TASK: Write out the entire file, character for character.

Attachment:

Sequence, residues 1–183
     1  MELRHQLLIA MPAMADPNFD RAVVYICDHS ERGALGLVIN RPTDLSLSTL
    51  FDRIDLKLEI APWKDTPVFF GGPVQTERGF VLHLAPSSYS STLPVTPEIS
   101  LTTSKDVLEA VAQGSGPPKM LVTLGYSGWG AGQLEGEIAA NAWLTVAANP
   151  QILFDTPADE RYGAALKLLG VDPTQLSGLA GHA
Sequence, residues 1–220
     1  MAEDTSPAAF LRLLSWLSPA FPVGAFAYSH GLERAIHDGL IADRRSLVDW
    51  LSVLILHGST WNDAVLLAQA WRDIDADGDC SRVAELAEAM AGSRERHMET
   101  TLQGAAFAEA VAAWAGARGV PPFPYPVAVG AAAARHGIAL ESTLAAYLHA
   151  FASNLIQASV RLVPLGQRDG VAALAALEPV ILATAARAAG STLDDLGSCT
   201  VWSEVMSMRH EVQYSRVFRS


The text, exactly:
Sequence, residues 1–183
     1  MELRHQLLIA MPAMADPNFD RAVVYICDHS ERGALGLVIN RPTDLSLSTL
    51  FDRIDLKLEI APWKDTPVFF GGPVQTERGF VLHLAPSSYS STLPVTPEIS
   101  LTTSKDVLEA VAQGSGPPKM LVTLGYSGWG AGQLEGEIAA NAWLTVAANP
   151  QILFDTPADE RYGAALKLLG VDPTQLSGLA GHA
Sequence, residues 1–220
     1  MAEDTSPAAF LRLLSWLSPA FPVGAFAYSH GLERAIHDGL IADRRSLVDW
    51  LSVLILHGST WNDAVLLAQA WRDIDADGDC SRVAELAEAM AGSRERHMET
   101  TLQGAAFAEA VAAWAGARGV PPFPYPVAVG AAAARHGIAL ESTLAAYLHA
   151  FASNLIQASV RLVPLGQRDG VAALAALEPV ILATAARAAG STLDDLGSCT
   201  VWSEVMSMRH EVQYSRVFRS